Stay­ing con­nected

So­cial me­dia put to work when dis­as­ter strikes

Modern Healthcare - - Special Report -

Amer­ica’s abil­ity to in­ter­act on­line and use mo­bile tech­nol­ogy have changed sig­nif­i­cantly since Sept. 11, with the use of so­cial me­dia such as Face­book and Twit­ter play­ing a greater role in dis­as­ter re­sponse and pre­pared­ness.

Hos­pi­tals and pub­lic health or­ga­ni­za­tions are in­creas­ingly us­ing so­cial me­dia to get the word out dur­ing a cri­sis and are find­ing at times that tools such as text mes­sag­ing, Face­book and Twit­ter may be their only options.

Dur­ing Hur­ri­cane Irene last month, 135-bed Carteret Gen­eral Hos­pi­tal, More­head City, N.C., was able to post reg­u­larly to its Face­book page and Twit­ter feeds de­spite at times not hav­ing reg­u­lar power or reg­u­lar tele­phone ac­cess.

“All I can say is smart­phones are a won­der­ful thing,” says Michelle Lee, who as mar­ket­ing and pub­lic re­la­tions di­rec­tor was re­spon­si­ble for the up­dates. Lee says she was not on the hos­pi­tal premises but was in di­rect con­tact with Carteret’s storm com­mand cen­ter us­ing the hos­pi­tal’s e-mail and her smart­phone as the hos­pi­tal ran on gen­er­a­tor-pro­duced power. (She says the hos­pi­tal’s dis­as­ter com­mu­ni­ca­tions were op­er­a­ble even though its main phone sys­tem was not.)

Carteret ex­ec­u­tives stud­ied the mar­ket in May and found that Face­book was used more of­ten than Twit­ter in the com­mu­nity but both tools were used for mes­sag­ing dur­ing the storm.

“We saw this as a new means of com­mu­ni­cat­ing when the other ways aren’t work­ing,” she says.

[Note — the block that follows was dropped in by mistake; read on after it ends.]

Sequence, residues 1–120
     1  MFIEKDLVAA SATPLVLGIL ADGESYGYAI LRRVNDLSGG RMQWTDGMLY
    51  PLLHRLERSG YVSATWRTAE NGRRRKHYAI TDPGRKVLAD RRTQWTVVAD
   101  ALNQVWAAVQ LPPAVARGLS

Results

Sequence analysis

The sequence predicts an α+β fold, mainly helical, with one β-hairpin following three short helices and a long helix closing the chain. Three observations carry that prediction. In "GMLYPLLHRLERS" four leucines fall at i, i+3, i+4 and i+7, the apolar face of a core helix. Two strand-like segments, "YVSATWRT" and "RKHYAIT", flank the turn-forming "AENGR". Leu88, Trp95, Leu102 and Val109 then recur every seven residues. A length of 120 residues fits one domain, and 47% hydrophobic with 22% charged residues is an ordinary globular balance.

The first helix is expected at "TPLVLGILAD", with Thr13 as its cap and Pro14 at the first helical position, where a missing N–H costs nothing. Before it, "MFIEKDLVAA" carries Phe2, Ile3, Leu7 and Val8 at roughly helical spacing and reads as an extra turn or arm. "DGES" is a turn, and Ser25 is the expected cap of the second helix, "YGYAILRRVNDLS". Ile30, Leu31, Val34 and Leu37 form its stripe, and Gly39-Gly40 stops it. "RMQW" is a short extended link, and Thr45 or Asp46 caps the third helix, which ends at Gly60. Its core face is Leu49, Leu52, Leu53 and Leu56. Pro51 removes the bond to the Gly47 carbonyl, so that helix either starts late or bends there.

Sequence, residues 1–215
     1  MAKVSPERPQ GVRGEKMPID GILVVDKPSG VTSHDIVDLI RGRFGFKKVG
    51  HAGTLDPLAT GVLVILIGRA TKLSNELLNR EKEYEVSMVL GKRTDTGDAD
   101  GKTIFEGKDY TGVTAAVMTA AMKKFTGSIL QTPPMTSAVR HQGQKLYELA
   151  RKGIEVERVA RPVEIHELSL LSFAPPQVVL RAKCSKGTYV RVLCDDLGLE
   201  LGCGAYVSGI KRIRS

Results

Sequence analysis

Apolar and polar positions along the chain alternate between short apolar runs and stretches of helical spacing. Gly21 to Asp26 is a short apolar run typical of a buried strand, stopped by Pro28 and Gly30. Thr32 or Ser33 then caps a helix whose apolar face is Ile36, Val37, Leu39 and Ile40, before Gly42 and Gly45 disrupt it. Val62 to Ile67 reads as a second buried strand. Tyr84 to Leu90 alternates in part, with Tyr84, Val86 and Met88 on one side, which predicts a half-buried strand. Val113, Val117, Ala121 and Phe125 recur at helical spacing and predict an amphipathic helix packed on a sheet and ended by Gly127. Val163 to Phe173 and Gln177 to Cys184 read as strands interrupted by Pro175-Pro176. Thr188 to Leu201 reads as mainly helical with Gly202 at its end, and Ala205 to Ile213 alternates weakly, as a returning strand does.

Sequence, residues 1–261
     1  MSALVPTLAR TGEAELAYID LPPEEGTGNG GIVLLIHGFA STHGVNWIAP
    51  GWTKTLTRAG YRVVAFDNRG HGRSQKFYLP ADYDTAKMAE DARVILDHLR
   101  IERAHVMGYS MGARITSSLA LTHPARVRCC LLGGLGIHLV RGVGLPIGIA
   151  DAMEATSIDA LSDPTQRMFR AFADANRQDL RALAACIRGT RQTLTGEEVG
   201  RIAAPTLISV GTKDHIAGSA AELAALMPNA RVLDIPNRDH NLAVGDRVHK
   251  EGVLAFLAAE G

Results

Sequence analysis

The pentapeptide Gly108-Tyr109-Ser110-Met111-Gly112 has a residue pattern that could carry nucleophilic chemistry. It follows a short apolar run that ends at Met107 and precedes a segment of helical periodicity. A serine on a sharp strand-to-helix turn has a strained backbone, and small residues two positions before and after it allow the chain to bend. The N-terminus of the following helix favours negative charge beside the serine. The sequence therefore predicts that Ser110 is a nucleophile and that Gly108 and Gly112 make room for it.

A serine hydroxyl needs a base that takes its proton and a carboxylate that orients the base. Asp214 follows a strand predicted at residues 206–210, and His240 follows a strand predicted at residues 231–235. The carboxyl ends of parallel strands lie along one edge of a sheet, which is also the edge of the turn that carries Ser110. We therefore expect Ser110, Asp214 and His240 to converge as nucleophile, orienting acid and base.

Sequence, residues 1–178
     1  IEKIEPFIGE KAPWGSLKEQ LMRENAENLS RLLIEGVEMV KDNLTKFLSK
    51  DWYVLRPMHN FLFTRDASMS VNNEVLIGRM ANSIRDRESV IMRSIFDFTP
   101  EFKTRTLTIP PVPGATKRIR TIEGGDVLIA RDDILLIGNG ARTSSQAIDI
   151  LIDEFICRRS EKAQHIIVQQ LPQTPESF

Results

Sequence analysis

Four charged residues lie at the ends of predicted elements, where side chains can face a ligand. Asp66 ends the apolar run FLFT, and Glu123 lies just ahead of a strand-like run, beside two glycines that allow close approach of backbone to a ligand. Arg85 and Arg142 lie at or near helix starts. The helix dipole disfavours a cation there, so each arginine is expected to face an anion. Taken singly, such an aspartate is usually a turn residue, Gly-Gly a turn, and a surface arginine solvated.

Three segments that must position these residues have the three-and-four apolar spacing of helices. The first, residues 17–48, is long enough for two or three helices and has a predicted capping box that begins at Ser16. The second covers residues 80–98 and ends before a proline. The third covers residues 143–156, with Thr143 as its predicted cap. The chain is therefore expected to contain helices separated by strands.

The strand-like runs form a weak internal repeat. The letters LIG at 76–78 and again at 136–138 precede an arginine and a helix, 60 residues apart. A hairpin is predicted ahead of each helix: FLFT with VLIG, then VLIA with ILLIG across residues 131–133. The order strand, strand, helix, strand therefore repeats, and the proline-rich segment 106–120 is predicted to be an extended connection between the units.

On a much broader scale, the Amer­i­can Red Cross has ramped up its use of Face­book and Twit­ter dur­ing calami­ties such as Hur­ri­cane Irene, and is in­creas­ingly us­ing Twit­ter chat­ter in its dis­as­ter-man­age­ment as­sess­ments, says Wendy Har­man, di­rec­tor of so­cial strat­egy for the Amer­i­can Red Cross in Wash­ing­ton.

The Red Cross had at least one vol­un­teer work­ing on mon­i­tor­ing mes­sages and pub­lish­ing on so­cial me­dia be­gin­ning two days be­fore the storm made land­fall Aug. 27 in North Carolina and re­lied on storm­re­lated Twit­ter post­ings for its anal­y­sis of the ef­fects of the storm, Har­man says

“That sit­u­a­tional aware­ness is be­com­ing more important to us,” Har­man says.

And that’s a trend Amer­i­cans are happy to see, ac­cord­ing to re­cent sur­veys. Two sur­veys to­gether found that 80% of the gen­eral pub­lic and 69% of the on­line pop­u­la­tion “be­lieve that na­tional emer­gency re­sponse or­ga­ni­za­tions should reg­u­larly mon­i­tor so­cial me­dia sites in or­der to re­spond promptly,” ac­cord­ing to a news re­lease from the Red Cross.

The re­sults also showed rel­a­tively high use of so­cial me­dia, text mes­sag­ing and on­line news sources by the pub­lic dur­ing times of dis­as­ter. The sur­veys in­di­cate that 24% of the gen­eral pop­u­la­tion and 31% of the on­line pop­u­la­tion would use so­cial me­dia to tell family and friends they are safe.

—Paul Barr

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